Re: NANFA-- FW: Lamprey Bites

Christopher Scharpf (
Tue, 31 Jul 2001 19:51:36 -0400

> Below is a quote from a species account on sea lamprey (Petromyzon marinus)
> found on page 74 of Scott and Crossman (1973).
> "In the Great Lakes the sea lamprey has been known to attach itself to long
> distance swimmers but is quickly and easily dislodged. It will not attach
> itself to humans until long submersion has lowered skin temperature. At
> this point it will attach itself and begin to rasp.

Cool! I completely overlooked that...even though it is quoted almost
verbatim in Becker's *Fishes of Wisconsin*. And I've always thought that the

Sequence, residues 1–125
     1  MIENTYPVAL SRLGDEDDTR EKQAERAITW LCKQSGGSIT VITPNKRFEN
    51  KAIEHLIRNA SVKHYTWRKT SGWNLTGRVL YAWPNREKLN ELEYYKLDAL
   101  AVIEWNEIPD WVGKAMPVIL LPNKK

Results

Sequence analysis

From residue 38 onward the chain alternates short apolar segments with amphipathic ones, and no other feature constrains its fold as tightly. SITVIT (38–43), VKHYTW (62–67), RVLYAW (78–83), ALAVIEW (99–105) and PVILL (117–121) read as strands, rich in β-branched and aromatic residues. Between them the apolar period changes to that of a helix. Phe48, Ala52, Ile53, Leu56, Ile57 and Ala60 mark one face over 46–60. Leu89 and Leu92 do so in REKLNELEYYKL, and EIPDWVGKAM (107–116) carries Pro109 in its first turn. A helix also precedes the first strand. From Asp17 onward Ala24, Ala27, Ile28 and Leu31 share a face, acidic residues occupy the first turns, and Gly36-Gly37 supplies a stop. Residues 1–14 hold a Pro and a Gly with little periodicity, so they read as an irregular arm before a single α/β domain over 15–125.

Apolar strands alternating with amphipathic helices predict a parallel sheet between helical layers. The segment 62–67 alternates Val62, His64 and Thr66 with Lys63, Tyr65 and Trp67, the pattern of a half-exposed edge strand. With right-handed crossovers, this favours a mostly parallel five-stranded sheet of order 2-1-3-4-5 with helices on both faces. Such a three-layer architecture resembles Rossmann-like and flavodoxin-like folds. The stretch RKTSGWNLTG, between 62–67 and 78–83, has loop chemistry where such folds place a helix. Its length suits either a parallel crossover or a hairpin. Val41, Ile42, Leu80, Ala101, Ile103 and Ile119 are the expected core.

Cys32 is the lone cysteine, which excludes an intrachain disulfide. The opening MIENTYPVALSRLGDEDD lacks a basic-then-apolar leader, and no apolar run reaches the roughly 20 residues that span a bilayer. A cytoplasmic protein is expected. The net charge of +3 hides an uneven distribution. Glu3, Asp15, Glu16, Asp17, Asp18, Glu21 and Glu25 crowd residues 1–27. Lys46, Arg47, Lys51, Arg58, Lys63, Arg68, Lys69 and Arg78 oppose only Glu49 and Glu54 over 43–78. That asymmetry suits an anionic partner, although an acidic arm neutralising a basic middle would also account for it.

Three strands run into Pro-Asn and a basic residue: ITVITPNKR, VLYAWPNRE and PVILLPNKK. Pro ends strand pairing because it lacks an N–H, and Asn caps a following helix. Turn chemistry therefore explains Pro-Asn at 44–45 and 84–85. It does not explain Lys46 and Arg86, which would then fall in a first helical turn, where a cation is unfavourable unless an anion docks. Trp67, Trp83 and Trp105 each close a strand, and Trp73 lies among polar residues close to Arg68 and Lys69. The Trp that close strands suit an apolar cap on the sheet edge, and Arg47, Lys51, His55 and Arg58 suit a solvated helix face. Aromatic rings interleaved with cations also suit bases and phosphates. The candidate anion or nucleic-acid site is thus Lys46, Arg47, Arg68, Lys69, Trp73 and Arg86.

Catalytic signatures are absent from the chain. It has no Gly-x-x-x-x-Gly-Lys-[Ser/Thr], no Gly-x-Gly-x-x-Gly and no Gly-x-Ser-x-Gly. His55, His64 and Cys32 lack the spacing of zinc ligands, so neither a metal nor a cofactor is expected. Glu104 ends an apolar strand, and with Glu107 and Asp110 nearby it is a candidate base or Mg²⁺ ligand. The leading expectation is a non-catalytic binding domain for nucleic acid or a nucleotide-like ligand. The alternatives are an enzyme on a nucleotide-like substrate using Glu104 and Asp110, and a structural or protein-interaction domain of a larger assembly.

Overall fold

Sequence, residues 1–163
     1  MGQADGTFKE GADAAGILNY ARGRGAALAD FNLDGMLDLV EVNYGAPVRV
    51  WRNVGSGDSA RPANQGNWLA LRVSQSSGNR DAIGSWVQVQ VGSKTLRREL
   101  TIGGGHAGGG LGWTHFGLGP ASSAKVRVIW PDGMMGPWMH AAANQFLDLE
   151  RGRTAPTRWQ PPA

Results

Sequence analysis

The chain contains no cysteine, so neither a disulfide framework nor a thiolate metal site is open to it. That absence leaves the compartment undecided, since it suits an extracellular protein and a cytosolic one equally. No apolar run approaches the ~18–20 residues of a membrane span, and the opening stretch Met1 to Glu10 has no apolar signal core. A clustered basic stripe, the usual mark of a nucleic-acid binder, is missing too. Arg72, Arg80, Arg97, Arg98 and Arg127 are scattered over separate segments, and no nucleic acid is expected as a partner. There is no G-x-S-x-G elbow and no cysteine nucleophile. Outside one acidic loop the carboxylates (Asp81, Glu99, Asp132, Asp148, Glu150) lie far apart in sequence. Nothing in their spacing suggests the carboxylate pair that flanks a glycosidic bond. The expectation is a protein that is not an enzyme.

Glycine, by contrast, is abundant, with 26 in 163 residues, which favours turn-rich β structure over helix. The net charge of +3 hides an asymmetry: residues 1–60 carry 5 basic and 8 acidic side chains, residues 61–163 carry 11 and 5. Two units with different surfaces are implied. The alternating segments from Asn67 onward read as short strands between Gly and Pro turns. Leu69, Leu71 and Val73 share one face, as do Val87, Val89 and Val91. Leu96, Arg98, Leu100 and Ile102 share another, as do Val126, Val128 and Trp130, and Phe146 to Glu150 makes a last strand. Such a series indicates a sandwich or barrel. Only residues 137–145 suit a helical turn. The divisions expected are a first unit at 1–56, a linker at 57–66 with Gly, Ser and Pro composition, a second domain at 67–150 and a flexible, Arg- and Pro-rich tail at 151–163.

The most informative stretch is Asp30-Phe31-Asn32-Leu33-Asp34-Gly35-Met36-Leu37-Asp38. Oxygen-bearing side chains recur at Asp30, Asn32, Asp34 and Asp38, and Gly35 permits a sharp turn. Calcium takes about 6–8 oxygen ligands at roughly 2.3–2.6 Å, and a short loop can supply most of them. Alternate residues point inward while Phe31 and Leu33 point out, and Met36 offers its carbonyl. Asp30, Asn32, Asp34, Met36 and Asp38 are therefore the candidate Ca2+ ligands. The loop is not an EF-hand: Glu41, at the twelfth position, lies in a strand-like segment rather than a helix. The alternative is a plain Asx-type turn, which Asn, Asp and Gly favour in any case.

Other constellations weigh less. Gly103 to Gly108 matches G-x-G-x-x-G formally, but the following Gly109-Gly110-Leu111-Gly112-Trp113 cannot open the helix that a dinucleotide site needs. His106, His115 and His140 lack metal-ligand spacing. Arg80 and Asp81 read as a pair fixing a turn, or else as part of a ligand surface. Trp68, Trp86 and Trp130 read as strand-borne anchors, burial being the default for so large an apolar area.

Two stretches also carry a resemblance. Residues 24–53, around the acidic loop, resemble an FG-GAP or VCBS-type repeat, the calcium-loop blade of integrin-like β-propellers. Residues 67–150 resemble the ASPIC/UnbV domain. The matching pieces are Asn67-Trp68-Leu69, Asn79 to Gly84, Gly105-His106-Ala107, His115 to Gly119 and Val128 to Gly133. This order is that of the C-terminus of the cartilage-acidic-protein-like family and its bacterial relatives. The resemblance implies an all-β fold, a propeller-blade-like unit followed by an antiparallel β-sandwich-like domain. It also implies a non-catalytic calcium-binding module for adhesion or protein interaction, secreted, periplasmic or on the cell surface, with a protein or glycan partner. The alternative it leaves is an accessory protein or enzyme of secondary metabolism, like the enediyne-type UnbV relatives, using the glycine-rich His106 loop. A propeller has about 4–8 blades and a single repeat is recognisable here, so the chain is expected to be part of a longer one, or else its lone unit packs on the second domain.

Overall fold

candiru catfish was the only vertebrate parasite of humans. (Although I
guess the case could be made that the candiru is naturally occurring,
whereas sea lamprey in the Great Lakes are exotic and therefore not
naturally occurring.)

> Chris' mention of them bumming rides on other animals is interesting
> -- I wonder when and why they do this.

Not that this answers the question, but according to Becker (p. 213):

"Fish to which the sea lampreys are attached are probably responsible for
some of their movement. Also, the sea lamprey has been known to fasten on
ships...; divers who examined 125 ships passing through the Canadian locks
at Sault Ste. Marie found 18 sea lampreys attached to the hulls. The sea
lamprey's habit of hitching onto ships has no doubt greatly increased the
rate of infestation of Lakes Michigan and Superior."

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